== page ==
Tenofovir has shown comparable activity to adefovir against HBV in HIV-HBV-coinfected persons. Among 52 HBV-HIV-coinfected patients receiving tenofovir or adefovir in addition to their combination antiretroviral regimen, the HBV DNA mean log10 change from baseline at 1 year was -4.44 in the tenofovir arm and -3.21 in the adefovir arm [41]. In the 903 Study [37], patients receiving tenofovir plus lamivudine had a greater decrease in HBV DNA levels and reduced YMDD resistance, compared with those receiving lamivudine as their only HBV-active drug. A recent retrospective study [36] suggests that tenofovir is effective against lamivudine-resistant HBV strains in HIV-HBV-coinfected patients who are receiving combination antiretroviral therapy. In this study, 16 (30%) of 54 HBeAg-positive patients and 9 (82%) of 11 HBeAg-negative patients developed undetectable HBV levels while receiving a tenofovir-lamivudine combination regimen.
The goals of HBV treatment in the HIV-HBV-coinfected patient not only include HBV suppression, but also the prevention of HBV and HIV reverse-transcriptase resistance mutations associated with drug resistance. For the coinfected patient who does not yet need combination antiretroviral therapy but who does need HBV treatment, pegylated IFN, entecavir, and adefovir are suitable options. IFN treatment does not lead to resistance, but it is appropriate for only a narrow group of HIV-HBV-coinfected persons: those with high CD4+ T cell counts, HBeAg-positive patients, and those with high ALT levels and low HBV DNA levels. Entecavir and lamivudine share some HBV drug-resistance mutations, so resistance to the entire regimen could probably occur readily. Entecavir and adefovir have a low probability of inducing HIV resistance and can be used together in combination.
Another option for HIV-HBV-coinfected persons with preserved immune function is to defer HBV treatment until combination antiretroviral therapy is needed, at which time a combination antiretroviral regimen including tenofovir and either lamivudine or emtricitabine should be chosen. The rates of drug resistance with lamivudine monotherapy are 50% after 2 years and 90% after 4 years [38], suggesting that lamivudine or emtricitabine should be used in combination with another agent. Rates of resistance with tenofovir are lower, such that more data are needed to determine whether this agent can be used as the only agent with activity against HBV. A recent randomized trial of HIV-HBV-coinfected patients (both lamivudine-naive and lamivudine-experienced subjects) found that combination therapy with tenofovir and lamivudine as part of combination antiretroviral treatment was superior in terms of HBV DNA suppression than was tenofovir or lamivudine administered alone [42].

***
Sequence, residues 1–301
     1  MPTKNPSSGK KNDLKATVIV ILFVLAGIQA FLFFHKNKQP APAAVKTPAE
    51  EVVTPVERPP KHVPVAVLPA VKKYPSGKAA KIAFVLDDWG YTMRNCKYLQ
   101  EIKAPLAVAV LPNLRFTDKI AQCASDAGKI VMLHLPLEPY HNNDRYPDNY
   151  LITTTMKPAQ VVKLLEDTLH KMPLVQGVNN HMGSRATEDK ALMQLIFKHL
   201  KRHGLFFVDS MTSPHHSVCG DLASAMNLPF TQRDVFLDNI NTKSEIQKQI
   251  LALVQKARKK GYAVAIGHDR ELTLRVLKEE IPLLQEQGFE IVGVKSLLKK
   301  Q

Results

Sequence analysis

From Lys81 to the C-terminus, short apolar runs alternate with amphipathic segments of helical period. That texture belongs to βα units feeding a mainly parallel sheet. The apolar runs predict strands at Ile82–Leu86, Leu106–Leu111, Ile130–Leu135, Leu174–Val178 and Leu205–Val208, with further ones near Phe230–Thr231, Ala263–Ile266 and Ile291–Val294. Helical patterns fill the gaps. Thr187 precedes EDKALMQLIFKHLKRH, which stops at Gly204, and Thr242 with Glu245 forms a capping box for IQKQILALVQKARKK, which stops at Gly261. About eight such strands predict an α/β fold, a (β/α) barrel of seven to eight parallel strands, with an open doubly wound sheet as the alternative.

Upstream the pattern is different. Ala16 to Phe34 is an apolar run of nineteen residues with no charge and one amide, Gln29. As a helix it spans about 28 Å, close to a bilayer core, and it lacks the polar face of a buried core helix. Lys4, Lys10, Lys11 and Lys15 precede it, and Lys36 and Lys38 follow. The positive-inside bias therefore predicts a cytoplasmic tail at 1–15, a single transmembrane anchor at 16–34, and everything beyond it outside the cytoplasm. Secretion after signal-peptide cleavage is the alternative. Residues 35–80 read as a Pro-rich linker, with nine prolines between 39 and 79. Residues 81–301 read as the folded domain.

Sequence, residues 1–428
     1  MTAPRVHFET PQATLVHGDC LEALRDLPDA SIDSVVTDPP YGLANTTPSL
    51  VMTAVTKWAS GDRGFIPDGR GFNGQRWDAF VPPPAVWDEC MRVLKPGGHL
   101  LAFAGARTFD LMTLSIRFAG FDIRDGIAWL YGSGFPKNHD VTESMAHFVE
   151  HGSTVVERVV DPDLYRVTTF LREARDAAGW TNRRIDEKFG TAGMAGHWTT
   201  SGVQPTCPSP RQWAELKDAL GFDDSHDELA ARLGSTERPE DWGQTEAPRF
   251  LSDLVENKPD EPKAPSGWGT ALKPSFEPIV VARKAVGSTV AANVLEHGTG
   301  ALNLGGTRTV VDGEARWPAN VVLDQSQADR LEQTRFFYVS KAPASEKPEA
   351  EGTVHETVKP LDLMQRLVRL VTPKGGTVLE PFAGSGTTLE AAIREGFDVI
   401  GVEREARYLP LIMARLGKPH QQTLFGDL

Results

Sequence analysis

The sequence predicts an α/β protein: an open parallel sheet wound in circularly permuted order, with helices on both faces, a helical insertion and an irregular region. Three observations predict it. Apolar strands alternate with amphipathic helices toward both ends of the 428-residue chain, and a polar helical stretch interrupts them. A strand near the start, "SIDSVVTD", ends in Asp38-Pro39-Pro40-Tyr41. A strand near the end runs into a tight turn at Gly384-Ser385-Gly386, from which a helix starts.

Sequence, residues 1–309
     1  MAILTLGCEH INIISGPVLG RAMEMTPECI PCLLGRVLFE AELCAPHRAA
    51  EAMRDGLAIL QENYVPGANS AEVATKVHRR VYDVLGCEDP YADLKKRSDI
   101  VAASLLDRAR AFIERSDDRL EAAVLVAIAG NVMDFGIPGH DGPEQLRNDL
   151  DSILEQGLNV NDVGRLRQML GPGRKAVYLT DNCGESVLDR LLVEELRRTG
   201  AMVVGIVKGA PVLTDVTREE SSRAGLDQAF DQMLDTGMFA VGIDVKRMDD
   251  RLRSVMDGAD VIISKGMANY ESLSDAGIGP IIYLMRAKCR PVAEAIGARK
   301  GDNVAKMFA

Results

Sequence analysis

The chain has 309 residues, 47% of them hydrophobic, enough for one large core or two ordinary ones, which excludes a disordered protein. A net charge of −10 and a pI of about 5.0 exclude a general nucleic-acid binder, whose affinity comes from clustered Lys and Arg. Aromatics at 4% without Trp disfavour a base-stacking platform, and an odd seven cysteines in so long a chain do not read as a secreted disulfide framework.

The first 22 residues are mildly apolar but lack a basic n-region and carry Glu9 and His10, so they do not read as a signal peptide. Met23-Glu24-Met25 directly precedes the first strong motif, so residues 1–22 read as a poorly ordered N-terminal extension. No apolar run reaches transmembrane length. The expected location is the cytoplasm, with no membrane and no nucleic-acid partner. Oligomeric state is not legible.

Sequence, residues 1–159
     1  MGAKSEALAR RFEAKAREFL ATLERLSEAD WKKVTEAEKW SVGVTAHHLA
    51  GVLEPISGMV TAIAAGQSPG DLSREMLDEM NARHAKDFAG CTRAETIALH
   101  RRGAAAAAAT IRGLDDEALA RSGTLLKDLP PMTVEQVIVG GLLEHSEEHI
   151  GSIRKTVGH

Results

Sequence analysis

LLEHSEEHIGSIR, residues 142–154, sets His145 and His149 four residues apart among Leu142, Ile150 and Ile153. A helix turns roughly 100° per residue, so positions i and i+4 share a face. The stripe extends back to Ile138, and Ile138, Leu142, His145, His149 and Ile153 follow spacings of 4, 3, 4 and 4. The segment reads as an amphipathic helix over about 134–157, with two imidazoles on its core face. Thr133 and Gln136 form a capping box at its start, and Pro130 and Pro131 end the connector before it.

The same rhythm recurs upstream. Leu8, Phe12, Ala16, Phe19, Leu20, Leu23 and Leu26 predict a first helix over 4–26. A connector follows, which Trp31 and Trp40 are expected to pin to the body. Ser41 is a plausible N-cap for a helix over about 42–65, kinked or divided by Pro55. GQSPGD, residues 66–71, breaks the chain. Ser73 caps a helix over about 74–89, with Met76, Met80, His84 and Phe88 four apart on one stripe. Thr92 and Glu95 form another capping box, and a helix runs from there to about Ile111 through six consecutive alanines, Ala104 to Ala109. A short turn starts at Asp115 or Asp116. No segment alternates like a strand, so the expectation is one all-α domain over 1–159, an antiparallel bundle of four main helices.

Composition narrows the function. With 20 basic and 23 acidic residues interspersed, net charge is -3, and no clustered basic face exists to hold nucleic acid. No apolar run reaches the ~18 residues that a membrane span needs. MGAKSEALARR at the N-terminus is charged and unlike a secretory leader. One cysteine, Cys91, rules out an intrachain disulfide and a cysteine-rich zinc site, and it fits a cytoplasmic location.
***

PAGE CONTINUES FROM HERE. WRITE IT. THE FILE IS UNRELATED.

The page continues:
We recommend performing a baseline HBV DNA test in HIV-HBV-coinfected patients who receive antiviral therapy. Testing at 3-month intervals, as with HIV load testing, is reasonable. HBV resistance should be clinically suspected if there is a 1-log10 increase in the HBV DNA level from the patient's lowest on-treatment level. HBV resistance to all drugs except IFN can be confirmed with genotyping assays involving sequencing of the HBV polymerase gene. Mutations associated with IFN resistance have not been identified.
Chemoprophylaxis with tenofovir or combined tenofovir-emtricitabine has been demonstrated to prevent simian immunodeficiency virus transmission in nonhuman primates [43, 44]. Clinical trials of chemoprophylaxis with tenofovir or tenofovir-containing regimens for prevention of HIV infection are being planned or are in progress. Zidovudine administered in combination with lamivudine is frequently used for postexposure prophylaxis, which is recommended by the US Public Health Service for patients who present within 72 h after a significant exposure to an HIV-1-infected partner [45].
Discontinuation of chemoprophylaxis in persons with chronic active hepatitis B may pose a risk of an HBV hepatitis flare. All available information about the risk of hepatitis flares is derived from persons who start anti-HBV therapy with elevated liver enzyme levels or clinically significant cirrhosis. Persons who commence antiviral therapy for chemoprophylaxis with normal liver enzyme levels and no clinical signs of cirrhosis may have much lower risk. Until more information is available from clinical trials, use of anti-HBV agents for chemoprophylaxis should be closely monitored with prior HBsAg testing and serial liver function tests performed monthly for 3 months after chemoprophylaxis has been stopped.
HIV-HBV coinfection is common worldwide. Several nucleosides and nucleotides used as part of a combination antiretroviral regimen have activity against HBV. In HIV-HBV-coinfected patients, antiretrovirals should be selected and monitored to minimize the risk of HBV and HIV resistance. Nucleotide analogues (adefovir and tenofovir) select for HBV resistance less commonly than do nucleoside analogues (lamivudine and emtricitabine). Fortunately, the 2 drug types do not share resistance mutations, allowing several options for initial, salvage, and combination regimens. Given the rapid rates of mutation of HBV and the frequent occurrence of resistance to some antiviral agents, the use of combination regimens is likely to be beneficial. In treatment-experienced patients, the types of HBV mutations present should help guide treatment selection.